THE US Army has removed a cross that was prominently placed on the front of a chapel located at the remote base of Camp Marmal in Northern Afghanistan.
Although soldiers at the Central Asian base considered the cross to be an inspiring symbol, officials said that having a permanent sectarian image on the chapel violated army regulations, Christian Post reported.
As Army Regulation 165-1, 12-3k reads in part, “The chapel environment will be religiously neutral when the facility is not being used for scheduled worship. Portable religious symbols, icons, or statues may be used within a chapel during times of religious worship.”
Fox News interviewed American soldiers stationed at the base and found that some held issue with the decision to remove the cross.
Tony Perkins of the Family Research Council also talked with Fox News and said the decision secularized a religious building.
“There’s a sole purpose of a chapel and it’s to worship,” said Perkins.
“The timing of this – what a way to celebrate Thanksgiving.”
Joe Conn, a spokesman for Americans United for Separation of Church and State, told The Christian Post in an interview that the Army made the right decision.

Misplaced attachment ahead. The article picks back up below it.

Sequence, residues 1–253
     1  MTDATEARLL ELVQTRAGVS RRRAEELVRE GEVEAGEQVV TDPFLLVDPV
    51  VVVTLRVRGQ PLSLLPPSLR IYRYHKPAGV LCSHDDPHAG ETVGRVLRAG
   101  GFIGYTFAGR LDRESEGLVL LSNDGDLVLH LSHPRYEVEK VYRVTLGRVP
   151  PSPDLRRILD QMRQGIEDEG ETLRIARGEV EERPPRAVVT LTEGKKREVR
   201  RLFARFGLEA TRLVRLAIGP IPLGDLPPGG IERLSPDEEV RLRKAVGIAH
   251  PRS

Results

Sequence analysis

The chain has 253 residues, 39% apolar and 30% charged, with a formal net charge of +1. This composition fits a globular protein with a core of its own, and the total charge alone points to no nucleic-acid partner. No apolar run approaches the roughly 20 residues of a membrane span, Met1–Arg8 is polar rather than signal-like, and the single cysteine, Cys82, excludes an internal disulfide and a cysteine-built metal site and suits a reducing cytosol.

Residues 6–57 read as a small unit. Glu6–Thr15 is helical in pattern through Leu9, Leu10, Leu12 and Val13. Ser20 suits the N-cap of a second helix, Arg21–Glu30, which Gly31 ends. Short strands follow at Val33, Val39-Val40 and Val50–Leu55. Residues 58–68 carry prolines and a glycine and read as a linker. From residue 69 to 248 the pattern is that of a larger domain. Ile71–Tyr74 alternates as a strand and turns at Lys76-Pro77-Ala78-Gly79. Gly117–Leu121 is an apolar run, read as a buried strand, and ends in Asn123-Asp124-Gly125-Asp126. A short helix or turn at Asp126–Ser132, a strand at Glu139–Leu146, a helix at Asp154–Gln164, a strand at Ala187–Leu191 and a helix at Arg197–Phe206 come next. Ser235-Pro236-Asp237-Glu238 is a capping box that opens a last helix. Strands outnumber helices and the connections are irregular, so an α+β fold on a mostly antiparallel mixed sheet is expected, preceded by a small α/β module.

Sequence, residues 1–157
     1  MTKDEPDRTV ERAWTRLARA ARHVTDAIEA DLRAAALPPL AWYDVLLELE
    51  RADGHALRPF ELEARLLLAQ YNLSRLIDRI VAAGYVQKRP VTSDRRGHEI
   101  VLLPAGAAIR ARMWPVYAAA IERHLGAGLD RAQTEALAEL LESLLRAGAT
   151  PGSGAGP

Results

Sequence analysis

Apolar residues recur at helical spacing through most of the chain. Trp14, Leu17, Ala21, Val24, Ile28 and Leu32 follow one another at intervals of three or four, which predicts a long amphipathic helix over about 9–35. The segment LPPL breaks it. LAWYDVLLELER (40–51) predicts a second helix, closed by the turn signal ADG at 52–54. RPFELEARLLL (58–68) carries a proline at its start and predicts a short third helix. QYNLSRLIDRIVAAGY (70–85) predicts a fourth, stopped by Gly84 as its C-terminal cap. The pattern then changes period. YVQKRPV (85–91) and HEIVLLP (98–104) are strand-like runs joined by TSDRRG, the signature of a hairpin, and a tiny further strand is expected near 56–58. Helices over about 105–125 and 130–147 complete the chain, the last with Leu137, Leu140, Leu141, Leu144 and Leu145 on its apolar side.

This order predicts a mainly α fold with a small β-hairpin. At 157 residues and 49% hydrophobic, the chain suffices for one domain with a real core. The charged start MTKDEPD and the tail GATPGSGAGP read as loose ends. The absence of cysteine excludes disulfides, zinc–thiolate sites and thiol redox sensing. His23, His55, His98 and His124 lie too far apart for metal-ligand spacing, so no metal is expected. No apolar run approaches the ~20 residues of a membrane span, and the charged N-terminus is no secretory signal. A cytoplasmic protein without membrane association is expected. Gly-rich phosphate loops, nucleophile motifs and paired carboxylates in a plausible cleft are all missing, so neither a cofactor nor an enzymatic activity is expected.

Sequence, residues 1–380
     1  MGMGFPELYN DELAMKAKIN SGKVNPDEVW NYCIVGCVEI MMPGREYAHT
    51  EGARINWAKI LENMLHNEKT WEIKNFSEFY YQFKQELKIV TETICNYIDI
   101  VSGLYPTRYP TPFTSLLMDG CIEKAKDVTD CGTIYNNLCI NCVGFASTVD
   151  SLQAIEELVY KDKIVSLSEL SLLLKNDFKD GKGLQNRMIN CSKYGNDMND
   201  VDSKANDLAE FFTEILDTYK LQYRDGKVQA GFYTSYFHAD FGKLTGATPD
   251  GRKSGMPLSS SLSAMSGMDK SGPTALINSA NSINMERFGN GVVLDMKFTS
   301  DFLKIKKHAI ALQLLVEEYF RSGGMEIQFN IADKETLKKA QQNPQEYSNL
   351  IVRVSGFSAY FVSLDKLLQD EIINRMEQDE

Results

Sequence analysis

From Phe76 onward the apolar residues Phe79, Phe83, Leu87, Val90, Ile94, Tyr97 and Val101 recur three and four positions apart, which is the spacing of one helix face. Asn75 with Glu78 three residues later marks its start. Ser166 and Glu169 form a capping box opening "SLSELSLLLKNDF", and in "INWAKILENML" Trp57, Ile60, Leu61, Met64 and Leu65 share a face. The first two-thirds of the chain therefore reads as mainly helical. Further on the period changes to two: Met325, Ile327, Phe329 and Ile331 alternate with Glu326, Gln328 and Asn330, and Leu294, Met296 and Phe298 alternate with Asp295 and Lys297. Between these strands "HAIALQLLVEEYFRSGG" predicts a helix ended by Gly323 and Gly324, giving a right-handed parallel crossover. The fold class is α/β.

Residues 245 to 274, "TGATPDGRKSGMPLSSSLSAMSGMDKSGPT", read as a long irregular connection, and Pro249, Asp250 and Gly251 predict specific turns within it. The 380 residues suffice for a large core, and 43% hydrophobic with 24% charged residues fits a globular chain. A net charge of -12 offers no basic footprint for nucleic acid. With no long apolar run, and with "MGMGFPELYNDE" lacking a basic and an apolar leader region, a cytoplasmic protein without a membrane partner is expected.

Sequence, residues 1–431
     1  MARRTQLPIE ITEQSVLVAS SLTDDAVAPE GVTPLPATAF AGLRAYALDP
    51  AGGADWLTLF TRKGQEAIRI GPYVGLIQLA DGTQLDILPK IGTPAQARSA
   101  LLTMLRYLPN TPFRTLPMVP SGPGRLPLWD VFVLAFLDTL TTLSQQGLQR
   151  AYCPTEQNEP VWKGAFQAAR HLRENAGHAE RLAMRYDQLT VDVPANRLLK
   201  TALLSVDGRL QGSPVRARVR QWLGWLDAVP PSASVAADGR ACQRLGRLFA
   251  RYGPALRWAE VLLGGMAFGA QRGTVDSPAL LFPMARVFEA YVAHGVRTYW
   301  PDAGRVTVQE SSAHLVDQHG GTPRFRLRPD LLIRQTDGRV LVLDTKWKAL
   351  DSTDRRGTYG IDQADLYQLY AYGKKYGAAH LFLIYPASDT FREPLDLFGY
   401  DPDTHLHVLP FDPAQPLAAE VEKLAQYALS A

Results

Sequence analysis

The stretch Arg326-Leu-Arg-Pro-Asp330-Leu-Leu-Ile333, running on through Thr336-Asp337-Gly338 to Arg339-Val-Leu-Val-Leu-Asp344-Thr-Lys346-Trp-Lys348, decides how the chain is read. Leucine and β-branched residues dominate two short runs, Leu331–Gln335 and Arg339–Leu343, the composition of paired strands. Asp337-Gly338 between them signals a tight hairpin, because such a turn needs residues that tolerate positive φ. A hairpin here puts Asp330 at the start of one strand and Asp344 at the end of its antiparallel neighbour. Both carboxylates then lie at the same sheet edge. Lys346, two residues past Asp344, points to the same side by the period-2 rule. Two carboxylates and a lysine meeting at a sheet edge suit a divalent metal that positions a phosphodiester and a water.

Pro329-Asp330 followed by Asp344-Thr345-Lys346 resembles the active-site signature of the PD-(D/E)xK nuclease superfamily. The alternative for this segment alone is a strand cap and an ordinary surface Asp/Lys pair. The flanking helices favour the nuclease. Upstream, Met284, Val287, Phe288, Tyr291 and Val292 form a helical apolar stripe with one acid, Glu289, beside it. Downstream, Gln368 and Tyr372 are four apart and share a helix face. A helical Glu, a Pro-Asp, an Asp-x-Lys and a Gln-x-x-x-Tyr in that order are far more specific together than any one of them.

“The American military includes personnel from many different faith traditions and some who follow no spiritual path at all. That diversity should be respected,” said Conn.
“It’s perfectly appropriate to display sectarian symbols in military buildings when worship services are underway there, but those symbols should not be left there permanently. That would suggest that the faith represented is getting preferential treatment.”
In response to those who say that the military is targeting Christians, Conn said that if anything Christians in the armed forces receive preferential treatment.
“I know of no evidence that Christianity is being discriminated against in the military,” said Conn.
“As a matter of fact, there have been ongoing problems with military bias in favor of evangelical Christianity.”
The Military Association of Atheists and Freethinkers also welcomed the removal of the cross, considering it an example of protecting “civil rights and neutrality towards religion.”
“Christians are calling this an attack on their religion. This implies that putting up a 6-foot cross on a prominent military facility is not an attack on all competing religions,” reads a MAAF blog entry.
“A Star of David, Crescent and Star, Buddhist Prayer Wheel, or other religious symbol would be a violation just as a Christian cross is.”